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Guided by the still burning light of grassroots Southern Rock, the most successful keepers of the flame both musically and in units sold, Blackberry Smoke – Guitarist/Vocalist Charlie Starr, Guitarist Paul Jackson, Bassist Richard Turner, Drummer Britt Turner, and Keyboardist Brandon Still – are back with their sixth studio album, Find A Light.
Distilled and first bottled nearly eighteen years ago, Blackberry Smoke’s sound is pure, 160 proof american rock-n-roll, full of swampy, dusty dirt road life. The guitar driven swagger is evocative of fellow Georgia natives, The Black Crowes if you want to pigeonhole ( we don’t ) but other influences obviously abound. Add some additional southern musical seasonings with a dash of Skynyrd, a sprinkle of Marshall Tucker a pinch of Molly Hatchet with a fresh twist of modern day counterparts Drive-By Truckers plus a few shavings of Keith Richards inimitable lead / rhythm guitar stylings and a trail for success was forged with a string of hit records, including 2015’s Holding All The Roses and 2016’s Like an Arrow, both of which climbed to No. 1 on the Billboard U.S. Country chart.
Track 02 – Run Away From It All / 4:29
Track 04 – Medicare My Mind / 4:42
Track 12 – Nobody Gives A Damn / 3:22
Kick starting the proceedings “Flesh and Bone” finds the band adding a heftier guitar edge to their sound, with a steady nature, the song implores we are all only human. Possibly the most well-written number on Find A Light, “Run Away From It All” with it’s Black Crowes tinged melodics is about finding salvation and is the perfect juke box roadside bar dance floor number. A stone cold rocker, “The Crooked Kind” kick’s out the jams before the Blackberry’s take it down several notches and introduce the breezier side with an acoustic / electric track “Medicate My Mind” and, another mellow tune about the love of music, “I’ve Got This Song.”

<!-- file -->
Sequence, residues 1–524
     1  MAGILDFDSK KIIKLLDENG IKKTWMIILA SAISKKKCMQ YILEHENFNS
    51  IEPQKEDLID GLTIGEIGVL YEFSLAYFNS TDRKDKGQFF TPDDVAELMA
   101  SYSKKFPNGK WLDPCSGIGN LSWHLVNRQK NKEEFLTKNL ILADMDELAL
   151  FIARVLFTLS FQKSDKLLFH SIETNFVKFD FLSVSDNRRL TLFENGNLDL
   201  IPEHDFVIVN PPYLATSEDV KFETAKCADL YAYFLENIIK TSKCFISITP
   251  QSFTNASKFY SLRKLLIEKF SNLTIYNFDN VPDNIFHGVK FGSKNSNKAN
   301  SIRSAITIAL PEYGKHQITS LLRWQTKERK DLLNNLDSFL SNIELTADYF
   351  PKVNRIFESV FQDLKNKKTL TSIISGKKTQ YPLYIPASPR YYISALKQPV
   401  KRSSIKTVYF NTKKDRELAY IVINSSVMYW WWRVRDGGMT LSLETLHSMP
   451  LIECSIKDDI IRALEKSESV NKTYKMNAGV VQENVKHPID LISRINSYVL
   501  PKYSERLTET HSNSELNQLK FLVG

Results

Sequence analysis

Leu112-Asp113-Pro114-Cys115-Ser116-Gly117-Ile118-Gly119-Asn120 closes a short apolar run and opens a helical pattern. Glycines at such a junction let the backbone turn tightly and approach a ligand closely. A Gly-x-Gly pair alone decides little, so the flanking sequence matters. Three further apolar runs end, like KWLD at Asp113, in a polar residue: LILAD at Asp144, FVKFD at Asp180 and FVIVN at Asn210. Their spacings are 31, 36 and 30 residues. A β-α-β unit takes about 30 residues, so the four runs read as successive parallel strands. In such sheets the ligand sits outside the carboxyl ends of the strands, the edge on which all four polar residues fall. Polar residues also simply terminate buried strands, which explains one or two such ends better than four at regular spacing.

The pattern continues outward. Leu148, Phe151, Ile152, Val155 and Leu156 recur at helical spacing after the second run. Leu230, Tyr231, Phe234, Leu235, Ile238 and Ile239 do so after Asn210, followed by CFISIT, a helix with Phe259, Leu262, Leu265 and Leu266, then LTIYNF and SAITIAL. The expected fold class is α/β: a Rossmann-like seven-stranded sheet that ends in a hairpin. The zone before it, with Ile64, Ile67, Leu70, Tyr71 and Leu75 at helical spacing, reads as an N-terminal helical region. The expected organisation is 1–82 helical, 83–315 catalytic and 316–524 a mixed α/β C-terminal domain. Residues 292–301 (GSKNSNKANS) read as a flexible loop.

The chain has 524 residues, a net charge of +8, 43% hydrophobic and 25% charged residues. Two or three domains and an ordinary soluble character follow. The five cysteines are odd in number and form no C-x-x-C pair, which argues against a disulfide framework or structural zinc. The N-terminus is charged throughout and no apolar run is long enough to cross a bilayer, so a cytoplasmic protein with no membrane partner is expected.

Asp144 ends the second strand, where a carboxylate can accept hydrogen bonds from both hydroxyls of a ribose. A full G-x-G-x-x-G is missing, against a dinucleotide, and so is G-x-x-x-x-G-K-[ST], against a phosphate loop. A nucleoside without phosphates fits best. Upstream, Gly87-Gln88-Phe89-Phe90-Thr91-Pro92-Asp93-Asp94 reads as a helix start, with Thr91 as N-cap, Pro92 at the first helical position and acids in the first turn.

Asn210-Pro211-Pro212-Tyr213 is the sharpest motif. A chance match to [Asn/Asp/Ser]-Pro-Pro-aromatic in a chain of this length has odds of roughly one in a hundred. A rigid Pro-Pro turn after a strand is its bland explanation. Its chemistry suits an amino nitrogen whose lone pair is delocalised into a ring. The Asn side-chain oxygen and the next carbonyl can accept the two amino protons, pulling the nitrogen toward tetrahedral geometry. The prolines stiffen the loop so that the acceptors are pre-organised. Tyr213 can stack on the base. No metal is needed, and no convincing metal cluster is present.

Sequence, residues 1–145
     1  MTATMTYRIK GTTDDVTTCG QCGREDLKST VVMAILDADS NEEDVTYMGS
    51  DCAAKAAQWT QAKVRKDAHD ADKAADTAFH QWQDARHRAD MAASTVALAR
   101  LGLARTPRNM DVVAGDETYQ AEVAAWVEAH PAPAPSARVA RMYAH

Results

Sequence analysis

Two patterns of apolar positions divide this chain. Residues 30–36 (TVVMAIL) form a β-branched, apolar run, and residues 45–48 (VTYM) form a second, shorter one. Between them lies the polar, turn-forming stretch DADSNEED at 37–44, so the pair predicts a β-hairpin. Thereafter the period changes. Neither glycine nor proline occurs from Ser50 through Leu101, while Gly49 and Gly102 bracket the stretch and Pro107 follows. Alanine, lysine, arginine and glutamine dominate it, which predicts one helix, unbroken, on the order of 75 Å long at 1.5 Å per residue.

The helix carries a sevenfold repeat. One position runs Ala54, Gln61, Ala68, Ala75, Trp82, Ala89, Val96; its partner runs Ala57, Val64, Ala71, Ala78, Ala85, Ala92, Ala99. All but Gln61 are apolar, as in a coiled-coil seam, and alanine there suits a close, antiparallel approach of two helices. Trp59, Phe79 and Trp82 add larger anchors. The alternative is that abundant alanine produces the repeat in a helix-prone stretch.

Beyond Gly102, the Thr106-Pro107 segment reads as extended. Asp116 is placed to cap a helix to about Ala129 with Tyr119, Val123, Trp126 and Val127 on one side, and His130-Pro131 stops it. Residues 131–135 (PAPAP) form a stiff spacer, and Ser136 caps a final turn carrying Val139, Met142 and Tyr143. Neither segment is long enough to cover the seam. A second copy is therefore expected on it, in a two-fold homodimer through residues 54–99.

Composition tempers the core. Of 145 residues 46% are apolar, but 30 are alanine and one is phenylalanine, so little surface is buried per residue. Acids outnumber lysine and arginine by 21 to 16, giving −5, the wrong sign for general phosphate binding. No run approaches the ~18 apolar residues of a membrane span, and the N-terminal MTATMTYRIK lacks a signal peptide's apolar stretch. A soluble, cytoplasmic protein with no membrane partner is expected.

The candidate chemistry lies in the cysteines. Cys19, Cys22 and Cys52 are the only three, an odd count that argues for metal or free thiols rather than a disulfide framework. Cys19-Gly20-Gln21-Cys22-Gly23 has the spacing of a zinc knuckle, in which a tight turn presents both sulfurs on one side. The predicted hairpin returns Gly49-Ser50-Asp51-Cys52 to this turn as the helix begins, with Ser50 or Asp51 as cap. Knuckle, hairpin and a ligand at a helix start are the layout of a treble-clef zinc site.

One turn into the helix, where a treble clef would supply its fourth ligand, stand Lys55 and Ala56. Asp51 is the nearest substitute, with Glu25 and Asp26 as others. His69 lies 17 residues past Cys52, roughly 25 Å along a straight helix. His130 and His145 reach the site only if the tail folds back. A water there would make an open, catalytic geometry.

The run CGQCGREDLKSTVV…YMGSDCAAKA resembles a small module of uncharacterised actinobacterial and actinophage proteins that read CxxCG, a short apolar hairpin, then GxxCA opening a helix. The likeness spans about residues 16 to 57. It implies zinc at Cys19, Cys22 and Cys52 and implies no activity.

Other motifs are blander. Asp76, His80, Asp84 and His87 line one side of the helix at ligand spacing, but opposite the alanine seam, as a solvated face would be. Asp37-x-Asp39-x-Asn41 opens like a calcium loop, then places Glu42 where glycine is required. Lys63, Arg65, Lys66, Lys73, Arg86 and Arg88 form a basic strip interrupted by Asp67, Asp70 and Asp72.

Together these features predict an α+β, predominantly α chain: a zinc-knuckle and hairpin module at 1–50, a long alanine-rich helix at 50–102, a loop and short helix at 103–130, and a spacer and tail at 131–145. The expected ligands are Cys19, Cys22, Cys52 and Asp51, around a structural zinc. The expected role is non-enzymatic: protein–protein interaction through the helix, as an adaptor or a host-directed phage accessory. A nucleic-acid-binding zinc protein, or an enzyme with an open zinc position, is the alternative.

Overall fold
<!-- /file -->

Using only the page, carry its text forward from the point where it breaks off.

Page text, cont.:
Searching for salvation, “Lord Strike Me Dead” turns it up to 10 again leading into the guest appearance of award winning, Singer-Songwriter/violinist Amanda Shires and the super fine country ballad “Let Me Down Easy”. One of my personal faves, “Nobody Gives A Damn” is a straight ahead Drive-By Truckers type rocker while the cautionary, careful what you wish for lifestyle of being in a rock band is examined in “Til The Wheels Fall Off”. The final cut, “Mother Mountain,” delivers one last guest appearance as Folk trio, The Wood Brothers. This collaborate effort is a distinctively sounding 1960s folk rocker, closing out another sure fire hit recording to add to Blackberry Smoke’s growing catalogue and a modern Southern Rock rep that Ronnie Van Zant and boy’s from Hell House would be damn proud of. – Mez –